It appears that the IPv6 AAAA "glue" records for .com and .net are now in the root zone. This means that for the average name query there will be two fewer IPv4 A "glue" records records than before, in other words about 15% fewer than previously.
It appears that neither NTIA, ICANN, nor IANA has made any inquiry regarding the safety of this change, particularly during the kinds of partial net connectivity situations that occur during natural and human disasters.
The reckless unconcern for net reliability and for the consequences of a change stands in stark contrast to ICANN's use of any exuse, no matter how irrelevant (such as the pronounceability of the name). to block new top level domains (TLDs.)
What makes this more ironic is that many who are testing this new change are finding that the new IPv6 servers are not reachable.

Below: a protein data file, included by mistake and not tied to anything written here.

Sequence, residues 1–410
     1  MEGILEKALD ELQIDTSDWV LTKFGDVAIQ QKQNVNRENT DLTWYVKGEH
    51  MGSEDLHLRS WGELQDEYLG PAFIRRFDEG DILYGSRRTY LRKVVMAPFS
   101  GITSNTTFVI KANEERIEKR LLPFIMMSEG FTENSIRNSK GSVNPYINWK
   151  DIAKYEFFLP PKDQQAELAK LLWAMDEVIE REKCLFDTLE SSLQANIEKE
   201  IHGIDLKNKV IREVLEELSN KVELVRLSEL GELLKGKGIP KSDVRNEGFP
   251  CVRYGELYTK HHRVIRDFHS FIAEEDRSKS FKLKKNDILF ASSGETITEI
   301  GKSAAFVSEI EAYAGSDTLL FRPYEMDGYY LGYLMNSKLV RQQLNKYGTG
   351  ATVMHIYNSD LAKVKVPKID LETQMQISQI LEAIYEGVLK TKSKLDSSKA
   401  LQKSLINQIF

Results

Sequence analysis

There is no stronger reason to pull the domain name system management role from NTIA, ICANN, and IANA and vest it in the ITU (or similar body) than the simple fact that neither NTIA, ICANN, nor IANA is actually doing that job.
For more background see my prior notes at: Something's Happening But We Don't Know What It Is, Do We Mr. Jones?, Follow-up on my note: An Open Letter to NTIA, ICANN, and IANA, and An Open Letter to NTIA, ICANN, and IANA.Posted by karl at October 27, 2004 11:24 AM